Why Kanji in 2023? – Response to Gaijin Otousan

A person I follow on twitter (Gaijin Otousan) asked a very good question recently. Why use Kanji in 2023? Why multiple character sets? Why no spaces between words?

As a person who has done pretty intensive studies in learning Kanji (with a focus on learning them very quickly) I thought i’d give my two cents. I’m going to go at it from a few perspectives, relative to each major pillar.

To be clear: I’m ignoring a lot of etymological references and obvious historical stuff. I’m just waxing a bit here, not writing a research paper. Just my thoughts as a person who taught myself to read and write Japanese in 3 or so months, and learned to read very quickly after another 2 or so.

There are only two perspectives on a topic like this I’ve found:

One: — from the standpoint of an absolute  beginner or a learner stuck behind a perceptual wall. A person in this position may believe the language to be too hard or complex, and therefore do not progress much , yet are acutely aware of colleagues (non-Japanese) who have successfully acquired the same skills they see as either ‘too difficult’ or ‘impossible’.

Two: — from the standpoint of someone who has invested significant time  and resources into the process, who has crossed “the perceptual Japanese wall”, made gains in the language understands how all the data (Kanji, hiragana, katakana) integrates. As a person able to read Japanese, I would personally never ask this question, but completely understand why someone would ask this which I why I will attempt to answer it from my perspective. 

I believe the only type of answers that make sense are from people who actually learned the processes that raise the question, so I hope my answer can provide some benefit 🙂

Why No Spaces

I think the first one i’ll tackle is the idea of “no spaces”. All of us have a “native language convention” bias. For the young man who posed this question, as an English speaker, used to spaces and a single character set of 26 letters, he could not “understand” the need for multiple characters sets to communicate. This is what I call inherent bias. It is something we all have when comparing what we know, to what we don’t know. For example in German, all nouns are always written with a capital letter at the front irregardless of sentence position. So a word like ‘dog’  is ‘der Hund’. So when you are reading German sentences as a native English speaker, it looks VERY strange at first because we are used  to using capitals under specific circumstances, but in German capitals are everywhere. In this example, our visual sense of “convention” or “perceptual bias” is quickly challenged.  The sentences look ‘funny’, something feels ‘off’. This is because for the most part we are seeing English words (with the same alphabet) but witnessing an entirely different convention of usage. Also, what’s more fun, in German there are verbs which “split”, meaning depending on the conjugation the front of the verb goes the to very end of the sentence! When I first learned this, I said “what kind of voodoo madness is this?” But to a native German, this is completely normal. It would never be an issue that someone in a German speaking country would question, because that is all they’ve ever known. Likewise with  the Japanese, having no spaces isn’t ‘odd’ or ‘strange’. If you grew up never using spaces between words, reading English at first would probably feel quite bizarre!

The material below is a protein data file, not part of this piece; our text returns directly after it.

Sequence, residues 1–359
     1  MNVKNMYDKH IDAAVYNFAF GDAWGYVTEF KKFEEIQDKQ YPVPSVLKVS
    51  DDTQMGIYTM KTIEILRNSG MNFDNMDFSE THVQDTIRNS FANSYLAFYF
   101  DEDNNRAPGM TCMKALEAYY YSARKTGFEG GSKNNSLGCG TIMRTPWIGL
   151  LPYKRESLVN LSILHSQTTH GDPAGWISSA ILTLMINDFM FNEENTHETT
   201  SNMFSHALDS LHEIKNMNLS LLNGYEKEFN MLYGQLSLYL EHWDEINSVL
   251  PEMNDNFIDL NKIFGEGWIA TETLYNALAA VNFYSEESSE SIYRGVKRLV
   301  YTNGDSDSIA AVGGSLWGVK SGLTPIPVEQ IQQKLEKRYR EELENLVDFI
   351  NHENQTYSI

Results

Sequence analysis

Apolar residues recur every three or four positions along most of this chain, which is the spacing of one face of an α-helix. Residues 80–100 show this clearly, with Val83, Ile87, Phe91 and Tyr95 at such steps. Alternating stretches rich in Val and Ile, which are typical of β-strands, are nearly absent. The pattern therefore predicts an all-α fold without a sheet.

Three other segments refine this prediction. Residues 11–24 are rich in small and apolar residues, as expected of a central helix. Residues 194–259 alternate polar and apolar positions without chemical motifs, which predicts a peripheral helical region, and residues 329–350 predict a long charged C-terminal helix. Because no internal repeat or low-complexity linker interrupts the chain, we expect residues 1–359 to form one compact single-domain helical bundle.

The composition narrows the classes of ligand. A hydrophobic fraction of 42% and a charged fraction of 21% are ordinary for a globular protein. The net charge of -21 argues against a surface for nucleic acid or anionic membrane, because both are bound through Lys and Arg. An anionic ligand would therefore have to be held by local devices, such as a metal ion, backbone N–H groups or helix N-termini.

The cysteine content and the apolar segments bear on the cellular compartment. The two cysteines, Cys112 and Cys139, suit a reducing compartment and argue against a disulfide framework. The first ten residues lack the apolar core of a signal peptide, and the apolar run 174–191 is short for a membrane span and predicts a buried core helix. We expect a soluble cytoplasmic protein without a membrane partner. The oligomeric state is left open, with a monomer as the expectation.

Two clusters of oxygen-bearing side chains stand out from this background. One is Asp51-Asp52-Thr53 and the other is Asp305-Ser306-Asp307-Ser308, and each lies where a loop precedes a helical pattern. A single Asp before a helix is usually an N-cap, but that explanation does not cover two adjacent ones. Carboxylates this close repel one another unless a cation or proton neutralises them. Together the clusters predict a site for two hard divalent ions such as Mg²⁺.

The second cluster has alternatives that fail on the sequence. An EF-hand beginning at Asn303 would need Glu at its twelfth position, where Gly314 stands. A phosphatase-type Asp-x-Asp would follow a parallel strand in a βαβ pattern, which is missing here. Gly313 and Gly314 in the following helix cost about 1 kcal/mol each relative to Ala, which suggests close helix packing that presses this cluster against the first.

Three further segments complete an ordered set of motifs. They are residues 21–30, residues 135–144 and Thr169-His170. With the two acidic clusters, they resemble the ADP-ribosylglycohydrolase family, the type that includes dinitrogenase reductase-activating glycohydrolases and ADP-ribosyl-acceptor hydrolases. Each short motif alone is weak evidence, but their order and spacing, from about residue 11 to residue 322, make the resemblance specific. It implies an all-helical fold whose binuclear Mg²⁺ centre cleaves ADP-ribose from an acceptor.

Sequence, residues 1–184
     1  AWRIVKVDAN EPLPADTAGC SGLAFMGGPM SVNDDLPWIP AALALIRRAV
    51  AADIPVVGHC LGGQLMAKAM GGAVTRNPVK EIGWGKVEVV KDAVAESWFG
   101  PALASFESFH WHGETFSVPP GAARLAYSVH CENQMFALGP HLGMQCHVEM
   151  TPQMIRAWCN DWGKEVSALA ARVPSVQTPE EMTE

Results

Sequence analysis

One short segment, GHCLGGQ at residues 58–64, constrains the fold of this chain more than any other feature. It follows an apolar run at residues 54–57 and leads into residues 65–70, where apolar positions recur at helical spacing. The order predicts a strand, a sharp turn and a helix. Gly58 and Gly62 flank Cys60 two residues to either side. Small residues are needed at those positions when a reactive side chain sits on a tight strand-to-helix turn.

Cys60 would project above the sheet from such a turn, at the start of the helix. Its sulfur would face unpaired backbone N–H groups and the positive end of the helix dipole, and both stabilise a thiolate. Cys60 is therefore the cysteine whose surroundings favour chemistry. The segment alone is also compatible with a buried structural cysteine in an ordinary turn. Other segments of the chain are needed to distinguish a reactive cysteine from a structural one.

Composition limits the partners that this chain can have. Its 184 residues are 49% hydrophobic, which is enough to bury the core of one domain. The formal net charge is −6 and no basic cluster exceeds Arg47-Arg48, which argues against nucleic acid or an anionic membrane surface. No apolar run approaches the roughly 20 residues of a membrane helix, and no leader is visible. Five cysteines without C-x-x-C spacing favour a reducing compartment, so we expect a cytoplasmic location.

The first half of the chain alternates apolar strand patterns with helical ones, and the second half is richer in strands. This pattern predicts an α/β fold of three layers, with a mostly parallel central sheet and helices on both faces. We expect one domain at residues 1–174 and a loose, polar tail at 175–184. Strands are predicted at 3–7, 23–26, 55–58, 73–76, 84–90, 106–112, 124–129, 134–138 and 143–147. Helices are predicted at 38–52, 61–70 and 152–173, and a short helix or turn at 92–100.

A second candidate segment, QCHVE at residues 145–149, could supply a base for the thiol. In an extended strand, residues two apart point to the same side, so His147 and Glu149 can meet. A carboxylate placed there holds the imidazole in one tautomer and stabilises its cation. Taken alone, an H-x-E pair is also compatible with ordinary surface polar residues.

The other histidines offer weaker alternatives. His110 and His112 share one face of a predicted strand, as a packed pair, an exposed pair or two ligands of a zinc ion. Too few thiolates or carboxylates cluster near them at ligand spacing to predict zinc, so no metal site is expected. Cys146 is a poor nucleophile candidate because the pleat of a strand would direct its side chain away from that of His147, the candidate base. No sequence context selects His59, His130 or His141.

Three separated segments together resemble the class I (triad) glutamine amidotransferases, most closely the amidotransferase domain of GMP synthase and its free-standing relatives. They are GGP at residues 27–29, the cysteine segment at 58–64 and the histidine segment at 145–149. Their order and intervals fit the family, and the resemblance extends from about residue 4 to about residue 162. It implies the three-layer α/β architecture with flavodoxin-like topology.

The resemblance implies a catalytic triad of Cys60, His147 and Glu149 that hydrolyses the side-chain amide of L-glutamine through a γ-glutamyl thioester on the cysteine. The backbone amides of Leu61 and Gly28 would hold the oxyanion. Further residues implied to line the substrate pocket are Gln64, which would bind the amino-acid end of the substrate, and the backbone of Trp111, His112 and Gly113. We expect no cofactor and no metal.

So as a convention no spaces isn’t strange for this reason. From a pictographic standpoint, the way Japanese is written, nouns, verbs adjectives reveals themselves quite clearly (most of the time) and is quite logical to grasp after learning the Kanji. The main (perceptual) limitation of most people who ask questions like Gaijin Otousan are simply that. Perceptual. A Japanese child doesn’t wail and moan about multiple character sets or learning Kanji. Nor does a German child pull their hair out trying to figure out why they have verbs that split. Everyone they have ever known or will know learns the way they learn and it for them, is completely normal. Japanese sentences rarely have spaces, and books are read from right to left (backways to us)! Fun!

However, the better you get at reading Japanese, the spaces “reveal themselves”, because your ability to differentiate between verbs, adjectives, nouns and so on, gets to such a level that “spaces” as a concept changes in your mind. Also having no spaces is can be perceived as quite efficient, as you are able to read more in less space, but that’s a whole other discussion. I’m never surprised when the people who pose these types of questions basically say they have very low reading ability, because from a perceptual standpoint, if one cannot see the value in these character systems, what then would be the value in learning or mastering them? But that is also another discussion lol.

Why Hiragana & Katakana